JOLINAR – Winter Festival
The Jolinar Festival is a week long celebration that the people have in the middle of the colder months that focuses on many aspects of life. The feasting and events are usually hosted by the wealthiest family of a region, although in capital cities and other places that are very large commities of the wealthy are formed to sponsor the event. The sponsor is responsible for holding a great feast at least once during the festival and distributing gifts to the local population. These gifts need not be elaborate and expensive, in fact most of them are tokens or simple items of everyday use. In the past, there were great sacrifices made to the gods and spirits of nature but this practice has not been used by many in recent times.
The Jolinar Festival has been a great tradition throughout the lands for as long as people remember. It has been such a significant influence on regions that even races other than humans have begun celebrating it. The origins of the festival have been lost to time, but most people speculate that in one winter, a wealthy family fed their community and gave them gifts to help them through a harsh winter. The times were so rough that the family had to keep doing it year after year. When other villages heard of this, they soon began practicing it to help their community, or to the selfish, to increase their status and show their ‘generosity’. Regardless, the practice continues to this day and has become a major factor in establishing one’s wealth and social status.
The major event of the Jolinar Festival has been the feasts. At least once during the week long event a great feast is served to the village and surrounding area. Generally, a prized animal is raised and served at the great feast, but on occasion a standard animal or animals are served up. Vegetables, fruits, breads, cheeses, and drink accompany this wonderful feast. All are welcome and encouraged to have their fill, while some extravagant feats encourage even more. Large tables are set up in the middle of towns around a roaring fire to keep the celebrants warm. The feasts are usually enjoyed in excess and it is not uncommon to find celebrants passed out in their seats the next morning, still stuffed from the previous night. In many cases, especially in wealthier cities, there are multiple nights of feasting and drinking.
Along with the feasts, there are wild nights of dancing and singing. There is always a group of bards and a dance area close to the feast, and some places have multiple areas for such activities. Randomly through the nights, people will often raise a glass to toast the sponsor of the event first and then add another toast afterwards to some loved one or great member of the community. It is considered rude to not toast the sponsor of the event at least once a feast. During these dances, many young women are voted into a court of princesses, usually the best dancers among the women. This ‘court’ is usually given a crown, mask, and simple costumes made up like the fae. This ‘court’ is then encouraged to flutter about the revelers and find a companion for the evening. If there are multiple nights of dancing, then a new person must be chosen, no one is ever suppose to ‘court’ twice in one festival.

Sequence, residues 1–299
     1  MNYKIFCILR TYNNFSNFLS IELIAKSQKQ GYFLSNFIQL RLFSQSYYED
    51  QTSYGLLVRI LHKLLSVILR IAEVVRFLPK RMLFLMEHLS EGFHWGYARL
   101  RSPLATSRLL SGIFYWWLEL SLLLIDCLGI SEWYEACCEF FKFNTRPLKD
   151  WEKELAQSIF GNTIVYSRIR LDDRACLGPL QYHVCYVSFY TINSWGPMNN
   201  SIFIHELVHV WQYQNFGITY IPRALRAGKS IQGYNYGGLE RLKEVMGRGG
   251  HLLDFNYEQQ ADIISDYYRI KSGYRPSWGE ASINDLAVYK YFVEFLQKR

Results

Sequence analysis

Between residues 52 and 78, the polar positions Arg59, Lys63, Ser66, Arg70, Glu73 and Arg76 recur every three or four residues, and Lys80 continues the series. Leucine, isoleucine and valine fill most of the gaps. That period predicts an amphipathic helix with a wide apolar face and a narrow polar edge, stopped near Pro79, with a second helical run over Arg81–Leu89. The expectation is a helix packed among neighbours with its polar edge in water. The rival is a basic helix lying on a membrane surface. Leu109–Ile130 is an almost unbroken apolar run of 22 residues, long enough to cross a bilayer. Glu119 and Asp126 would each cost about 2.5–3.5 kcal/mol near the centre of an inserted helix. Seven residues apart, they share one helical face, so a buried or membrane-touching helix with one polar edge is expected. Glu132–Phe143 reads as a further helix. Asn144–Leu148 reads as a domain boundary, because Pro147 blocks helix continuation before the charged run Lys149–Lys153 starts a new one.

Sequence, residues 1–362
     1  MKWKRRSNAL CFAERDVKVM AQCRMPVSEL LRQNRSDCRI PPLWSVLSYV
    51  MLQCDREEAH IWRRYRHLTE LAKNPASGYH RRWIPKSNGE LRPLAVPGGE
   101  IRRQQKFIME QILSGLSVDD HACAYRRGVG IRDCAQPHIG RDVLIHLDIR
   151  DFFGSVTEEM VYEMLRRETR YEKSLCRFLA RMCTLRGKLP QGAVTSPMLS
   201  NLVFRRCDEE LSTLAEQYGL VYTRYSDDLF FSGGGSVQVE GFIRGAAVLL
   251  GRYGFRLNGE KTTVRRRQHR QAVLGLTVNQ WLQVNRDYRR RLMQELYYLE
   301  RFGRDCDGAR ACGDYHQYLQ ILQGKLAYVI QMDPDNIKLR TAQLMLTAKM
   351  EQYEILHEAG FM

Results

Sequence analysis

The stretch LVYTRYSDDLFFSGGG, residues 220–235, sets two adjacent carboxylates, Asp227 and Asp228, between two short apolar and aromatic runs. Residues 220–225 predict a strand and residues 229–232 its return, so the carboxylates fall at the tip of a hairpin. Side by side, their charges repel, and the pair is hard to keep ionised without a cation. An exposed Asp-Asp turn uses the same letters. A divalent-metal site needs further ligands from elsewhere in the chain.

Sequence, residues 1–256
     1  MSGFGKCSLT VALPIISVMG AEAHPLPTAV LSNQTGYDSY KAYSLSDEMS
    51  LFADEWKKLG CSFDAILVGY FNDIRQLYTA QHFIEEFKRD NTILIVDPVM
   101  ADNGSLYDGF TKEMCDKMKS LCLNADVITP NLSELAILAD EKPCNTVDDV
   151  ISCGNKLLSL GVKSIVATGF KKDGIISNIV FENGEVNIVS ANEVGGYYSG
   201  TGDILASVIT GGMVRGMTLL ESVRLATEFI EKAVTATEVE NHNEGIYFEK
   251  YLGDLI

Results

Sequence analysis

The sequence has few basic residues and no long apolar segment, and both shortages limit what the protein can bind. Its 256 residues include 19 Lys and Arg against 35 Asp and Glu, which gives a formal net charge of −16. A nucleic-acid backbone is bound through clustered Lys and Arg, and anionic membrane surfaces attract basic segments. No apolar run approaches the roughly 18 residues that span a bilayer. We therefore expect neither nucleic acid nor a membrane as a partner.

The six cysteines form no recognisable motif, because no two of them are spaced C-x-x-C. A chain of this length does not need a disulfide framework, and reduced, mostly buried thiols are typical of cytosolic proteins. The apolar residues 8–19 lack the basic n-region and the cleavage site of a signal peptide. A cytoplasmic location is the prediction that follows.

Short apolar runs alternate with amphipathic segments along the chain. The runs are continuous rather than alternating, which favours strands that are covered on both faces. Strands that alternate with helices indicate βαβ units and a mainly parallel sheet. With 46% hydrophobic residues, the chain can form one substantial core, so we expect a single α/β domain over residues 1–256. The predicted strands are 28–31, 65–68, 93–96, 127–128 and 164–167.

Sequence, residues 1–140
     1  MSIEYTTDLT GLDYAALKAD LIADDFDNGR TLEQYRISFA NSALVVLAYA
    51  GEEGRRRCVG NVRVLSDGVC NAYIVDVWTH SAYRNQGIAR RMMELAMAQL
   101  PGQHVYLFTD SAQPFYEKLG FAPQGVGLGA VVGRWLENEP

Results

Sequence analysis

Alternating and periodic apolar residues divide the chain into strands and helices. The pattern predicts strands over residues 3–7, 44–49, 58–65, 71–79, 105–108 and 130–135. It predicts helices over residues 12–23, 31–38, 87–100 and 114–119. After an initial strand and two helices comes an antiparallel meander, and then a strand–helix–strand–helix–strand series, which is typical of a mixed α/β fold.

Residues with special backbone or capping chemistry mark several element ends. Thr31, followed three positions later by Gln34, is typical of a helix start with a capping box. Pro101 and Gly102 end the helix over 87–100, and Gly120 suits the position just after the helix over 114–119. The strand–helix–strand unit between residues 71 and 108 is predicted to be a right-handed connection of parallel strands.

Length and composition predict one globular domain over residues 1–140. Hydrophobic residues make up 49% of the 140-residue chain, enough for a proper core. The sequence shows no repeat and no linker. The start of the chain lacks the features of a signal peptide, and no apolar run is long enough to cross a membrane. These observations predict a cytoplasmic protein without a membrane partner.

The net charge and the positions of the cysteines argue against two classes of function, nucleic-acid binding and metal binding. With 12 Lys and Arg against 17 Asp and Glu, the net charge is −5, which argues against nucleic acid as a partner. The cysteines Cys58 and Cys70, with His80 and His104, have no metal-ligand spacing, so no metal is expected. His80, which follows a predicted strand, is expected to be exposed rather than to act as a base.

The gifts given to all in attendance are customary and it is considered bad form to not give anything. There have been many occasions that a sponsor has given items from their homes and personal collection instead of face the public shame of not giving a gift. Those attending are encourages to let the host know they are coming so an appropriate gift may be given, but it is not necessary. Gifts range from simple horseshoes to fine jewelry and, on some occasions, a daughter to marry. There is no shame in a gift that is bad, only in not being able to give one.
The Jolinar Festival is a time to come together as a community and celebrate the finer things in life. Cold winters are ahead and this is viewed by most as a moment to forget the cares of tomorrow and indulge in the moment, because it could be the last. Women are celebrated as the mothers of the future and the ‘court’ is created to show their power over men. Many marriages are arranged during this time as many people form all walks of life are brought together for an extended period of time. The meaning of the festival is held close, and the celebration is wild and at times filled with debauchery. Jolinar is by far everyone’s favorite festival.